Investigating the effect of oil spills
on the environment and public health.
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Funding Source: Year One Block Grant - The Northern Gulf Institute

Project Overview

Chemical Effects Associated with Leaking Macondo Well Oil in the Northern Gulf of Mexico: Phase II

Principal Investigator
University of Southern Mississippi
Division of Marine Science


We have been examining the effects of the Macondo well oil spill on chemical distributions in the vicinity of the wellhead and in the Mississippi Bight and western Mississippi Sound.  Specifically, we have been examining distributions of dissolved organic matter, optical properties, nutrients, oxygen, metals, polycyclic aromatic hydrocarbons (PAH's), and methane.  Our work to date has helped characterize deep submerged plumes associated with the well as well as surface contamination.  This includes enrichment and fractionation of PAH's, depletion of nutrients and oxygen, enrichment of certain trace elements, and characteristic signatures in optical properties.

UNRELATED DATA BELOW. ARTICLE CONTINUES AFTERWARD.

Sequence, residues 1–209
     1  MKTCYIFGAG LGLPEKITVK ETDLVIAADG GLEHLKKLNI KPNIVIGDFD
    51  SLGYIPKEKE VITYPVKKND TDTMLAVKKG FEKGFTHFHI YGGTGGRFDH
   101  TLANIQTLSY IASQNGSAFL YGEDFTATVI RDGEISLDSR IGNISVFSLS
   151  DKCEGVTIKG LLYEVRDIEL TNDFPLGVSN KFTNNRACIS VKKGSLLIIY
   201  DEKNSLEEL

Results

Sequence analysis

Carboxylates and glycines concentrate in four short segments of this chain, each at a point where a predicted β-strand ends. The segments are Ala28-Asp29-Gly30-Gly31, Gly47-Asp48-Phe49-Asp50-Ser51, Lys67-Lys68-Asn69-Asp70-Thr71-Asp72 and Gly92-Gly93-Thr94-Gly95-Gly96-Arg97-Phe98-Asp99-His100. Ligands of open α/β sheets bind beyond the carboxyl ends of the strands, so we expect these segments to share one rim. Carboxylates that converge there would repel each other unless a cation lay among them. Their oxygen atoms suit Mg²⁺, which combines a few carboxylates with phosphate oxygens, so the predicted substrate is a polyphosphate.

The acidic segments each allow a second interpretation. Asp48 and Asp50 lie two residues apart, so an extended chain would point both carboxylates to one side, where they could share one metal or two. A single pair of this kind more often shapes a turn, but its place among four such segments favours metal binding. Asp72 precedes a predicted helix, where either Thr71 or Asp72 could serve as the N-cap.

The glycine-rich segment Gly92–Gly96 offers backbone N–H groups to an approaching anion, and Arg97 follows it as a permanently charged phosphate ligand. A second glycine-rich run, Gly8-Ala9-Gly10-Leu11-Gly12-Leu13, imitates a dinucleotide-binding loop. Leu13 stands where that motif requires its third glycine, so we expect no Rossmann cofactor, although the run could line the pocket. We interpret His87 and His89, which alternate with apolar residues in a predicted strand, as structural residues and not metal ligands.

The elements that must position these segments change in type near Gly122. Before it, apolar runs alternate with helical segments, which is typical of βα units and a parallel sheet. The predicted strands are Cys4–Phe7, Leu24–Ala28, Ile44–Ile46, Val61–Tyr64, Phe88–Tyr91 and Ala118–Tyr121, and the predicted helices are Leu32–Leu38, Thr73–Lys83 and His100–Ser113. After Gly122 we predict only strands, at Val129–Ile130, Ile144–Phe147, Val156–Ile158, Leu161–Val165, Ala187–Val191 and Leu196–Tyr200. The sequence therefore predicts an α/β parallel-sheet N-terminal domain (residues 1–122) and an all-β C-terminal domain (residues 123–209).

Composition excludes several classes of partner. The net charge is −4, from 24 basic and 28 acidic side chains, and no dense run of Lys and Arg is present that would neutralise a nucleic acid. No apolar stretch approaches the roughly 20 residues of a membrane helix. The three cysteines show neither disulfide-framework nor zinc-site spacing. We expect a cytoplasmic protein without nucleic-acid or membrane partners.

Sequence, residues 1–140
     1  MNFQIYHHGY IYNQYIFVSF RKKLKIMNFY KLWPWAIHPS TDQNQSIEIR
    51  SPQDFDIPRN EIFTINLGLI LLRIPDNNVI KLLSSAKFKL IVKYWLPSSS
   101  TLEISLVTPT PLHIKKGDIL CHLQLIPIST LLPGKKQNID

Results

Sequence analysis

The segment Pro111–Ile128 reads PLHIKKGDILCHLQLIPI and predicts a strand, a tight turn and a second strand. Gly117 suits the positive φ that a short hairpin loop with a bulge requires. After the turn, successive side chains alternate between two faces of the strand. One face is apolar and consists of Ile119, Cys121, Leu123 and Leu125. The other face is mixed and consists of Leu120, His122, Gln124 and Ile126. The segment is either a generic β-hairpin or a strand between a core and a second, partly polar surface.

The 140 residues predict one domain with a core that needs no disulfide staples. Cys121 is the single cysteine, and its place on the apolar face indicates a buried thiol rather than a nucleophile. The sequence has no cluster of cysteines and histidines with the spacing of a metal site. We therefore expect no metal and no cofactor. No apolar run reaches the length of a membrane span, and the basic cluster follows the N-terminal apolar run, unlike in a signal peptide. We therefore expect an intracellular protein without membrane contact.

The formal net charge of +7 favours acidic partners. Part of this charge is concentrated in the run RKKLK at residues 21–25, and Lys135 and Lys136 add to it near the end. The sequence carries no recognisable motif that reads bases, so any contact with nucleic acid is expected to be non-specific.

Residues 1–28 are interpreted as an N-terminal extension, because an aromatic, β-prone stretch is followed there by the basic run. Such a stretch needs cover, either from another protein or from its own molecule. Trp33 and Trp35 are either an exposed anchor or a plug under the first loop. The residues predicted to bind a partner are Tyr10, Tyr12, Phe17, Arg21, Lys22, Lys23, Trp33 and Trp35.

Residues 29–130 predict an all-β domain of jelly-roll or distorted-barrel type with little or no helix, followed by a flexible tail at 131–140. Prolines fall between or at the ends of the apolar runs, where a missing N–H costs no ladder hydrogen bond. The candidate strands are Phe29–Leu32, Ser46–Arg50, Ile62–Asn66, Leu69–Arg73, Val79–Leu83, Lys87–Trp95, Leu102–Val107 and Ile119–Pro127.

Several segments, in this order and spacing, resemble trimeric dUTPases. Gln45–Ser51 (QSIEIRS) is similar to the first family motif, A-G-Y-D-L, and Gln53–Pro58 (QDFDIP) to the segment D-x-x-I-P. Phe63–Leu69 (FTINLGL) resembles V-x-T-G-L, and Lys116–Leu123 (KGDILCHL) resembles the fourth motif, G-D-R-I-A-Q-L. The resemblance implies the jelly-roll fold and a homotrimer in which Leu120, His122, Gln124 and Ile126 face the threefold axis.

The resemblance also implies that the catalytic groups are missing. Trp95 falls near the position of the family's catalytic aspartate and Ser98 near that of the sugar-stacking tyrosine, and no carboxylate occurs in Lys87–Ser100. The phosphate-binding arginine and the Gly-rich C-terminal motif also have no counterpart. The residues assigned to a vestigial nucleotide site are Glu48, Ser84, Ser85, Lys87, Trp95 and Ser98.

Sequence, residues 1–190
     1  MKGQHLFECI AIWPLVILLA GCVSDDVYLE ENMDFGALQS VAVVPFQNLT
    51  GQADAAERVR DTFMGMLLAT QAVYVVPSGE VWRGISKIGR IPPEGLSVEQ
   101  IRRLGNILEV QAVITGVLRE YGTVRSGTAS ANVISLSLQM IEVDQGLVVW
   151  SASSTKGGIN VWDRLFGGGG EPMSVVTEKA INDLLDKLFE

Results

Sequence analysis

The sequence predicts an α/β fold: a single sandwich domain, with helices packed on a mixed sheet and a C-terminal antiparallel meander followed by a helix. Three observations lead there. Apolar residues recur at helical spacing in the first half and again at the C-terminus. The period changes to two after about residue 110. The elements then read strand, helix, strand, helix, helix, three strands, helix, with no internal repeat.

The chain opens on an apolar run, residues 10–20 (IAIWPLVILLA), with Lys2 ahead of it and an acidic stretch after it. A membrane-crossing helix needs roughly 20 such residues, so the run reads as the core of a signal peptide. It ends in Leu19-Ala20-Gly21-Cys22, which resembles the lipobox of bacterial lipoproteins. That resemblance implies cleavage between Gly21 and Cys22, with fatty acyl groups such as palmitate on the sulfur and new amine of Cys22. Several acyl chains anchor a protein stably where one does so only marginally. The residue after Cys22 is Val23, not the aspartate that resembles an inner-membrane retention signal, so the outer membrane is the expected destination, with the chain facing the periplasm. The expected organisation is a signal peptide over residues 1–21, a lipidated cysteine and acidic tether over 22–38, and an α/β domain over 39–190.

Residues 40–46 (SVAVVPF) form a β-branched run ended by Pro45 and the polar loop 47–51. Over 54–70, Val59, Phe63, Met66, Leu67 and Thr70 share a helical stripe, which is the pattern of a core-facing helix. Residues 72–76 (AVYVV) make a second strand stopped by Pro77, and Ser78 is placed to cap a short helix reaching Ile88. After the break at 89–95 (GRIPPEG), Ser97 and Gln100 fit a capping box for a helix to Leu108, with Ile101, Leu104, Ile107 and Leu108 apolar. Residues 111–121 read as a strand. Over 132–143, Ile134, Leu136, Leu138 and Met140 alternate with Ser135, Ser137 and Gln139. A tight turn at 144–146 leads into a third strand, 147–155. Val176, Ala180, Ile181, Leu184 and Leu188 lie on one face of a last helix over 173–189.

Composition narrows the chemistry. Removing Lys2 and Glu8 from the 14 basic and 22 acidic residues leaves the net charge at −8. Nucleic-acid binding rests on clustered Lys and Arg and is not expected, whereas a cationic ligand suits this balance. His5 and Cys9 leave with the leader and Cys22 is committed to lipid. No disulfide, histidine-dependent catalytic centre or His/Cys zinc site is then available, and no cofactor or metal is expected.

We have also examined the return to normal conditions following the stopping of the leak.  For instance, subsurface methane concentrations in the vicinity of the wellhead were observed to be fairly normal this past October.  This type of fundamental observational work is pertinent to other oil spill researchers who seek to understand ecosystem effects of the oil.  Furthermore, it is vital to our own efforts to understand the chemical impact of the spill. 

Our work has so far contributed to one peer-reviewed publication and a number of presentations.  We expect a number of other publications to result from this work.  This work has been performed collaboratively with various other investigators at USM, TAMU, UGA, LSU, NRL, and MSU.  Despite this progress, we have a significant number of samples that remain to be analyzed from the various cruises that we have participated in. 

Continued funding will allow us to better characterize chemical effects of the oil spill including distributions of Cu and Ni in subsurface plumes, flow of carbon isotope signatures into the dissolved inorganic carbon pool, examination of summer hypoxia in the Mississippi Bight, distribution of the redox-sensitive metals Fe and Mn in sediments near the wellhead, and allow us to examine our data and methods carefully for analytical artifacts.  Furthermore, we intend to participate in other planned cruises in mid-2011 to further delineate the return to normal conditions using the same suite of chemical parameters in a complete time series from maximum impacts to absence of oil.

This research was made possible by a grant from BP/The Gulf of Mexico Research Initiative.